Archive for the ‘parenthood’ Category

it’s not easy

January 28, 2008

In the middle of naptime he screams. One knee is twisted between two crib rails, driving him to panic. Must’ve been playing instead of sleeping.

As my wife disentangles him, she gets a whiff of another stealth activity. He is surrounded by corroborating evidence: a smear across his chest, clawmarks on his sheet, makeup applied to the face of his stuffed cow. What arrived in his diaper is now everywhere.

I am summoned. Together we adults impress upon our child the seriousness of this infraction. Do not play with poopy. Do not even touch it. We strip him of his clothes and make a pile of blankets, sheets and Mr. Cow. (more…)


snow rebellion

January 20, 2008

Fluffy, quiet, all afternoon the flakes fell gently. He’d wanted to walk among them, to breathe in the world’s white transfiguration. By the time I organized myself, however, he’d already moved on.

“I want to play trains,” he intoned.

“Come on, it’s snow!” I coaxed. “Let’s get your boots on. We’ll have a great time.”

Cornered, his eyes sunk, lower lip retracted. “I want to play trains.” (more…)

through his eyes

January 5, 2008

I wish I could see life through my son’s eyes.

In his infancy we placed him on a colorful playmat with overhead toys. I shoved my face inside to feel what it was like.

I’ve positioned my head at his level in the carseat to figure out how much he sees as we drive (more than I expected). I’ve checked the view of a ceiling fan from the floor below (a steady circular motion, not the swoop-swoop-swooping oval from adult height). I’ve crouched to look straight up into the lighted mobile above his swing (brighter, more colorful than apparent from anywhere but the seat).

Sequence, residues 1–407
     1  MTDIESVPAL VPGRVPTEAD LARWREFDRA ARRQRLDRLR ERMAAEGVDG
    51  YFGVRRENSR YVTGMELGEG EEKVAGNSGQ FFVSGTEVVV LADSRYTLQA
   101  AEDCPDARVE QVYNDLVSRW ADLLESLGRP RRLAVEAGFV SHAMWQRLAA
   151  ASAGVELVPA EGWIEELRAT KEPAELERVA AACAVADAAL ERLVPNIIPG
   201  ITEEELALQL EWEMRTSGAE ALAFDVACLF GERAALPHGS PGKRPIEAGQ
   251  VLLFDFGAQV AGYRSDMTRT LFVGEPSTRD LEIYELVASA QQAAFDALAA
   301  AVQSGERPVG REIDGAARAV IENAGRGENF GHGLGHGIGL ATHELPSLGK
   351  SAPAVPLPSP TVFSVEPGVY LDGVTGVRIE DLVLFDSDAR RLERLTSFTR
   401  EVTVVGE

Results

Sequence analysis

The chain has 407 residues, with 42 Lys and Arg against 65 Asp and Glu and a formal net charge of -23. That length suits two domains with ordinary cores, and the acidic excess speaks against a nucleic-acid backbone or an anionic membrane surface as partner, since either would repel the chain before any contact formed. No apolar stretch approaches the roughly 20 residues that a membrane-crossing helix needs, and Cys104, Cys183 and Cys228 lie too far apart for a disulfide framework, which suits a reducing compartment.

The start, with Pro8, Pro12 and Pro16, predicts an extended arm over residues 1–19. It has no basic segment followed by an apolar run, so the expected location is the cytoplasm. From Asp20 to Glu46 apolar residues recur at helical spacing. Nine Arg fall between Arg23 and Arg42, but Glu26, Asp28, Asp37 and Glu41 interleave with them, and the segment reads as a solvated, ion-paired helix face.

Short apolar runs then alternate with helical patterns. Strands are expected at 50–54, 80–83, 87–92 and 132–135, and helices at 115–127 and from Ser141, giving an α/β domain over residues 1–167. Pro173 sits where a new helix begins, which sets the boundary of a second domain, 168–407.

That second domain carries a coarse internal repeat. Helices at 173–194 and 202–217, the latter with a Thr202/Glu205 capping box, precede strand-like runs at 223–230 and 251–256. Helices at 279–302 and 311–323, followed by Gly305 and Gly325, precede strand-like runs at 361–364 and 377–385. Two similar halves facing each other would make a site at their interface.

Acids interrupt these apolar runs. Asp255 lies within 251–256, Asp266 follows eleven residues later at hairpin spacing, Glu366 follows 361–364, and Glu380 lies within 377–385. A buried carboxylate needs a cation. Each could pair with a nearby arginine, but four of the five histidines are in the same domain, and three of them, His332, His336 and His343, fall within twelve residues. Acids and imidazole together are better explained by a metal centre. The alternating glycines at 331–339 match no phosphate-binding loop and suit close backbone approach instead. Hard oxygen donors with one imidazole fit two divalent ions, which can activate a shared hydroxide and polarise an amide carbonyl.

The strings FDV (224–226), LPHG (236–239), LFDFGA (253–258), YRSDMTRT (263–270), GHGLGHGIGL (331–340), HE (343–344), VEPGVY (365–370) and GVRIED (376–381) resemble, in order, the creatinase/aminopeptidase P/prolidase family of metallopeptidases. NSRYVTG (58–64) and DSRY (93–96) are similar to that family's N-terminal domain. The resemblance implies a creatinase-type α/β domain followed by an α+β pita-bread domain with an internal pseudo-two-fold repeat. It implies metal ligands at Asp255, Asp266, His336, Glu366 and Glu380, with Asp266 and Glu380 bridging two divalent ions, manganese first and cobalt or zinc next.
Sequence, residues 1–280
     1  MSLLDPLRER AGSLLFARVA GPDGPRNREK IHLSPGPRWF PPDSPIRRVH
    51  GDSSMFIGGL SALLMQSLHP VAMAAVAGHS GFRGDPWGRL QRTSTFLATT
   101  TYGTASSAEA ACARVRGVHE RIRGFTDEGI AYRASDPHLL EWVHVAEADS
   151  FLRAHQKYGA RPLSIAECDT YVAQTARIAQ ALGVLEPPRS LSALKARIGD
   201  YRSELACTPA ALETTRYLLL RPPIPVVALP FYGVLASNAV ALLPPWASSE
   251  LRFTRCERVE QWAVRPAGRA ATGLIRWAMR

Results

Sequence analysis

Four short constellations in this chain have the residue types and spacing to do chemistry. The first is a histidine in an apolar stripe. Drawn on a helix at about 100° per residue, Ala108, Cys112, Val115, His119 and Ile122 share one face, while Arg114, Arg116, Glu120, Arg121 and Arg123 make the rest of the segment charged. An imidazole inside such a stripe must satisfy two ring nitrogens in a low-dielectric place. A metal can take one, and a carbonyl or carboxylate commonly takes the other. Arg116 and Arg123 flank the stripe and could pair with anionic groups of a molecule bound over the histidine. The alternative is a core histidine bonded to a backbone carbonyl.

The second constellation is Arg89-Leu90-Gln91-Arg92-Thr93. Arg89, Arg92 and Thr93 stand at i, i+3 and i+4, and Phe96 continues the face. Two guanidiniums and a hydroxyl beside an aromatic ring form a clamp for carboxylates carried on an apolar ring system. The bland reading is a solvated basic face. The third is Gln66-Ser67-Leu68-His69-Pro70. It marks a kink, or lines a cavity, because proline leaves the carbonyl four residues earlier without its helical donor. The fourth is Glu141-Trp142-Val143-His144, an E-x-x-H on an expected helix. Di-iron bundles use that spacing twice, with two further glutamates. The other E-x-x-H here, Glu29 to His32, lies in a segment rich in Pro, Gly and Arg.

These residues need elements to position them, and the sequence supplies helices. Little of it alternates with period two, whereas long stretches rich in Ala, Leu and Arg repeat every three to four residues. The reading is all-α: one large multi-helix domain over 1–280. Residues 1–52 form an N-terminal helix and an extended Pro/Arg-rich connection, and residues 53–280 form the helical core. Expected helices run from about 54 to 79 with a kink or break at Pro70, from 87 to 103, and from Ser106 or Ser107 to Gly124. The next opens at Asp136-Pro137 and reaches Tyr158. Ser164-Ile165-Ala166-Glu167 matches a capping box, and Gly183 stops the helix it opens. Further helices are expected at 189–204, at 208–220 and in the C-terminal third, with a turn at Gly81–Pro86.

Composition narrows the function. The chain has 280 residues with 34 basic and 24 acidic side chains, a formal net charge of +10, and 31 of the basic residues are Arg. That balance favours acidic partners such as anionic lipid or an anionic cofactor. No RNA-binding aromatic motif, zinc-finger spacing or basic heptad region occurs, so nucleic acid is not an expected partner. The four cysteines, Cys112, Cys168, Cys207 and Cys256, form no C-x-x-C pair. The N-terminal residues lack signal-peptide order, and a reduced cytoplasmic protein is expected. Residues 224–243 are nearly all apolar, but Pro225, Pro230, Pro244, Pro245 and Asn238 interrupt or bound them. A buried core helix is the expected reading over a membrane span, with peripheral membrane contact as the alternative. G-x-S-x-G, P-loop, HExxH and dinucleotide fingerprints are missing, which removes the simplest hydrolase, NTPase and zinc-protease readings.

I’ve even used the excuse of “retrieving my son” to crawl through the multi-storied plastic gym at Chick-Fil-A (hey, they didn’t have those things when I grew up). (more…)

jumping Jesus

December 15, 2007

Things got a little weird when we unpacked our nativity scene.

Two and a half years old, our oldest showed little response as we unwrapped Mary and Joseph. But when baby Jesus emerged, his entire face brightened: “Baby Jesus. Baby Jesus!”  He snatched the figurine and cradled it in both palms, scrutinizing. So this was the Jesus person he’d heard so much about. I wondered what he was thinking, how this image of an infant Christ was reshaping earlier impressions.

Within minutes he stood by the couch, raising and lowering the figurine in quick jerks. “Baby Jesus jumping. Baby Jesus jumping on the couch!”  Our nativity had transformed into an action figure playset. (more…)

unspoken rules

October 20, 2007

He was so curious about our 3D tic-tac-toe set, I figured why not. How complicated is tic-tac-toe?


Forget strategy; forget even the concept of winning. As we played, my son gave me a step-by-step education on the numerous possibilities for invalidating a game.

It turns out board games require a host of principles we take for granted: (more…)

true obedience

August 6, 2007

Jesus and Peter walked on water. The Israelites crossed the Red Sea on dry ground. Neil Armstrong planted his bootprints on the moon.

Next to those, the most astounding footsteps I know were just three or four in number, and took place in my mother’s kitchen.

My son – compulsive, train-obsessed two-year-old boy – was crouched over the toy train track Grannie had set for him in a spare nook of kitchen floor. It was time to go. Knowing his propensity for emotional explosion, I’d issued a five-minute warning, then a two-minute warning … not that he had any such grasp of time, only to ready him for imminent disappointment.

Finally, time was up. “Okay now, let’s go,” I said. “Come put on your shoes.”  Expecting the customary collapse and outburst, I was shifting position to lift him off the floor. (more…)